Like any form of exercise, a good walk requires proper fueling. When it comes to what nutrients you need to power through your walking workout, nutrition experts recommend nourishing a little differently than you would for a run or other higher-intensity trek. We spoke to registered dietitian Megen Erwine, RD of Let's Get Checked to get the scoop on what makes the perfect pre-walk snack. What’s even better is that it can be boiled down to a couldn’t-be-simpler three-ingredient walking workout smoothie recipe that's about to become your new staple.
How much do you need to eat to fuel your walking workout?
As with any workout, properly fueling up and recovering afterwards largely depends on the intensity of the activity. There is a very wide spectrum of walks you could take, ranging from a leisurely coffee stroll to a more rigorous, arms-pumping jaunt. For a slow and short walk, you likely don’t need much extra fuel beyond your regular meals and snacks.
“Always remember that your daily nutrition habits will outweigh any pre- or post-workout fuel,” says Erwine. To her point, focusing on fueling properly for the energy expenditures of daily life will prepare you for both your afternoon walk as well as your morning meeting, middle-of-the-night childcare, or whatever else is thrown your way. “Concentrate on hydration and balanced meals and snacks that include complex carbohydrates, lean protein, and healthy fat,” Erwine recommends. You’ll also want to be supporting your gut health by eating probiotic-rich foods like yogurt and sauerkraut so that you don’t have to fight the urge to go to the bathroom when you’re miles away from home.
For your longer, power-type walks, Erwine says that you likely don’t need too much extra fuel, depending on your goals. Since walking requires less energy than higher-intensity activities like running or HIIT, you probably don’t need to lose sleep over carb-loading ahead of a dog walk, lengthy or not. That being said, it’s important to make sure that you eat a proper meal before even a low-intensity workout like walking, especially if it’s on the longer side. “Plan to have a balanced meal 90 minutes before your workout,” Erwine recommends. “The timing will allow the food you consume to be digested and converted into energy.”
You’ll also avoid feeling nauseous by giving yourself a chance to digest before exercising. If you haven’t had a meal within that timeframe and you’re about to head out, Erwine recommends grabbing a small, carbohydrate-based snack before you go. "A piece of fruit is a great example," she says.
Hydration is key, too
Just as important as what you are eating before your walking workout is what you are drinking. After all, staying properly hydrated helps your body perform basically all of its essential functions, as well as staving off headaches, fatigue constipation, and mood swings.
Many factors impact how much water you need, including your age, activity level, and overall health, but Erwine recommends a general guideline for fluid intake as about 72 ounces per day for women, and 100 ounces for men. If you’re exercising intensely, you’ll want to add in more water to counteract sweat and increased fluid needs trom energy expenditure (and yes, hydration is important in winter, too!).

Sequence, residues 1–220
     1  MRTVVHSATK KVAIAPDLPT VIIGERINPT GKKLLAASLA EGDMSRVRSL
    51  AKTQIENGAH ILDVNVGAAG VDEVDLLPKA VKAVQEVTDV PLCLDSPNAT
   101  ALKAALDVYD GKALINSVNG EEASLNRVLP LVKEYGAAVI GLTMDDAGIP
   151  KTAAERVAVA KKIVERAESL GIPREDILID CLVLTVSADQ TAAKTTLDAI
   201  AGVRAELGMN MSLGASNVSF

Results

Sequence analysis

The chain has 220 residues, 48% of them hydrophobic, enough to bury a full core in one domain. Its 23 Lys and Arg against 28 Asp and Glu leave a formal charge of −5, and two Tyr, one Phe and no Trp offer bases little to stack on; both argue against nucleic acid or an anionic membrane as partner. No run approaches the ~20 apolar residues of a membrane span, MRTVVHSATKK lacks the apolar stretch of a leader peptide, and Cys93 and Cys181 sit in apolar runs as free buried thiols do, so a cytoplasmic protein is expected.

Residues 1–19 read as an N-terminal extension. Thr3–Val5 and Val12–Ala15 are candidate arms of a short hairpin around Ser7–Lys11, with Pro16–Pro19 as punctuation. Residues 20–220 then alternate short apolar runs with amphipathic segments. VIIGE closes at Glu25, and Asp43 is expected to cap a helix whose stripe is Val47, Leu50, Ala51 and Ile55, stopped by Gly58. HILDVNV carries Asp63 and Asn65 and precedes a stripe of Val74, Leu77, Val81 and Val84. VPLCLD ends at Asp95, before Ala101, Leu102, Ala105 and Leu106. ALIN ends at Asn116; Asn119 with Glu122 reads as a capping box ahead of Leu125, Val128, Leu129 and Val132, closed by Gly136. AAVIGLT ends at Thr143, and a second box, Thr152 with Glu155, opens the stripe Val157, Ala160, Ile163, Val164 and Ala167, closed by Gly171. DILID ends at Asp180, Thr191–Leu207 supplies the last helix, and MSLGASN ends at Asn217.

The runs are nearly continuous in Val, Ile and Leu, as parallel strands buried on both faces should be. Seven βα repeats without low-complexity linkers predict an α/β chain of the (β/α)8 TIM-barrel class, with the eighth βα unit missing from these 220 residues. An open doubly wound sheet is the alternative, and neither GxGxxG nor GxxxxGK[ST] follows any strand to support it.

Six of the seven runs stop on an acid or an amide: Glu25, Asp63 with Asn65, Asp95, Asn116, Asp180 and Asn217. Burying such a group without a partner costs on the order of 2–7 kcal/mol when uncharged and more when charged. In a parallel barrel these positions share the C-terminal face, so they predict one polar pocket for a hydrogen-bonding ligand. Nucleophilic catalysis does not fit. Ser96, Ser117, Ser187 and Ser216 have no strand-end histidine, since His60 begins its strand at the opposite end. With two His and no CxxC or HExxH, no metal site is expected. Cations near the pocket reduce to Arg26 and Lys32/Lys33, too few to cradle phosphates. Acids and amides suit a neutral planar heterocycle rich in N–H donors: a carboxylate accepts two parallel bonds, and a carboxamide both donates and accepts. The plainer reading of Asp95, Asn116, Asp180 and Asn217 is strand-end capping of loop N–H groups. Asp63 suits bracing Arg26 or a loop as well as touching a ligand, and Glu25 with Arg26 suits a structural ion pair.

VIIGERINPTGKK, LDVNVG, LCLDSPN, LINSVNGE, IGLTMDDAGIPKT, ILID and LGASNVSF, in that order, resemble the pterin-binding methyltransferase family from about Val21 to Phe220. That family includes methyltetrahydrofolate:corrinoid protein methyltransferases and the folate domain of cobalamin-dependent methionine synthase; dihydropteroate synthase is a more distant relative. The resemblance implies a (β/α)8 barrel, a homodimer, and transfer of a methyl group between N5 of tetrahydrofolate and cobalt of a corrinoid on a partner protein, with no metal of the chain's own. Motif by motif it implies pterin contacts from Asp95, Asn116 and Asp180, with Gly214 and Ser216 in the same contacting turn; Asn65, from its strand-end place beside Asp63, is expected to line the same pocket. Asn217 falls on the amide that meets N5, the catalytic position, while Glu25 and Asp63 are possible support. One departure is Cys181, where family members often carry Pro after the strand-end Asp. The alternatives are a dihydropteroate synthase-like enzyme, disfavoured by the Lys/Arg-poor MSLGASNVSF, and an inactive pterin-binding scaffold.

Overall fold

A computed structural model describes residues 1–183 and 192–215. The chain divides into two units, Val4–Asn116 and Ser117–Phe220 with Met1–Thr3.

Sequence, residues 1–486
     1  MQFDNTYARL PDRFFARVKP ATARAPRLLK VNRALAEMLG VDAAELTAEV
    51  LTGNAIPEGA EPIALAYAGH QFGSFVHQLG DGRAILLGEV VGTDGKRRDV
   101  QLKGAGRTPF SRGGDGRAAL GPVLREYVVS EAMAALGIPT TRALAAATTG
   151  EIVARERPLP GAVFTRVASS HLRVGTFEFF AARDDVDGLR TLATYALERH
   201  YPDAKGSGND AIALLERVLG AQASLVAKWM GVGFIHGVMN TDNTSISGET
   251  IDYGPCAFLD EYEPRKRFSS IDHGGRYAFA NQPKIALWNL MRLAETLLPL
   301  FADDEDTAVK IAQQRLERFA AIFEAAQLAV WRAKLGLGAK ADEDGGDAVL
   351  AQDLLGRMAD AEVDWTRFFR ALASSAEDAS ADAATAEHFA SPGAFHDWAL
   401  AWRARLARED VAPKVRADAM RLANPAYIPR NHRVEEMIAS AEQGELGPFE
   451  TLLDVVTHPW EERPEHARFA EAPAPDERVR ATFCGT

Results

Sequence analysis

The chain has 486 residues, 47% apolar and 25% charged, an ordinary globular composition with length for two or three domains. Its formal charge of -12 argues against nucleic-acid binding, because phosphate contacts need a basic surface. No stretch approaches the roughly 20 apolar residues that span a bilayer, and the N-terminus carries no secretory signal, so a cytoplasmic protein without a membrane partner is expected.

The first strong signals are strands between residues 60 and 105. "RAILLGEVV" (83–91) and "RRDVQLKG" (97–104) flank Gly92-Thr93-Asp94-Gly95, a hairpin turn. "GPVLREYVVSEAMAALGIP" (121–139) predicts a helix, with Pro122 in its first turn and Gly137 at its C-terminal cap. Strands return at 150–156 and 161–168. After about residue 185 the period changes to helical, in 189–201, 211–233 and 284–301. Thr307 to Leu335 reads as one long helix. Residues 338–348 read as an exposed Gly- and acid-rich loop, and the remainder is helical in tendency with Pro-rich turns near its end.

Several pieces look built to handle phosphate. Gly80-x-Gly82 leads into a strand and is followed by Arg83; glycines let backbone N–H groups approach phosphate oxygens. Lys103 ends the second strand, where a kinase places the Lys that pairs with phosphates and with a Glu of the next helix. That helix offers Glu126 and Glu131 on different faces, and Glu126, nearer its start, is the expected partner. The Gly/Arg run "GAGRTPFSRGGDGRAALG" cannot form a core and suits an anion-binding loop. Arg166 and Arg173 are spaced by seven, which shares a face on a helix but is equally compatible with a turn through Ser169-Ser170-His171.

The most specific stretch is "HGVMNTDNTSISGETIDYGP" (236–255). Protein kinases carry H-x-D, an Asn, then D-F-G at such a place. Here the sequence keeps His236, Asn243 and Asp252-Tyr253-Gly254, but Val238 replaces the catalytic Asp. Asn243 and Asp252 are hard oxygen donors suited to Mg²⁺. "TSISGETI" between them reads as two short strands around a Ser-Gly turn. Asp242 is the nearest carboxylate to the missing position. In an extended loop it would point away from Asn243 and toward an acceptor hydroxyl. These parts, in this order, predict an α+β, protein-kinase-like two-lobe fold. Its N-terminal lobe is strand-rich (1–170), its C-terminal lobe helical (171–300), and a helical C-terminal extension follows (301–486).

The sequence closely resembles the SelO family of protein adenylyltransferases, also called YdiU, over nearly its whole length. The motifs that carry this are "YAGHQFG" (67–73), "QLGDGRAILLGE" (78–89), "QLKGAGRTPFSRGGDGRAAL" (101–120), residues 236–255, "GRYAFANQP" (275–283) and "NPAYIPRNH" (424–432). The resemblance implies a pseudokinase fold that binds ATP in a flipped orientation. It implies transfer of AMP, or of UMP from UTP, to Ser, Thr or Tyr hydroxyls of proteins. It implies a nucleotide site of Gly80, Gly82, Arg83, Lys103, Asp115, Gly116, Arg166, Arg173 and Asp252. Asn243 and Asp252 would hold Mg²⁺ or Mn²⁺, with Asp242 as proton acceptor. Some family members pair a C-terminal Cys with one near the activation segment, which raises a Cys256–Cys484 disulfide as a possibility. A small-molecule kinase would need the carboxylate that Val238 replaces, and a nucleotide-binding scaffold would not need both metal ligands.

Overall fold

Overall, you should be listening to your body’s thirst cues and drinking before, during, and after your workout. That balanced meal that you’re eating an hour and a half before your walk? Erwine says to be sure to include 16-ounces of water to keep you hydrated for your activity. Don’t forget your water bottle so you can sip while you go and avoid getting into a dehydrated state, too. And BTW, Erwine says there is no need for sports drinks for low-to-medium intensity workouts—water will replenish your fluids just fine. For extra credit, though, include one of these electrolyte-rich foods in your pre-walk meal.
The perfect walking working smoothie recipe
If you’re looking for a quick and healthy snack or small meal to whip up before your walk, a smoothie is an easy-to-digest way to fuel your workout. It’s also easy to keep all the ingredients you need on hand so you won’t be scrambling at the last minute. When designing your ideal smoothie, Erwin says to make sure to include all three macronutrients—carbohydrates, protein, and fat—to achieve a balanced meal.
In this case, that comes in the form of banana, Greek yogurt, and nut butter. “Simply blend together a frozen banana to provide complex carbohydrates, a cup of nonfat plain Greek yogurt for protein, and a tablespoon of nut butter for healthy fat,” she recommends. If you don’t do dairy, sub in soy milk or one of the higher-protein plant-based yogurts on the market, like the almond-based high protein yogurts from Kite Hill.
You can play with this simple formula to match your preferences and what you have on hand. Not into bananas? Sub in another frozen fruit. Your kids or roommates ate all the nut butter without you knowing? Add flax seeds or avocado to get that fatty boost. Just hit blend and get ready to hit the streets, treadmill, beach, or wherever your walk takes you.
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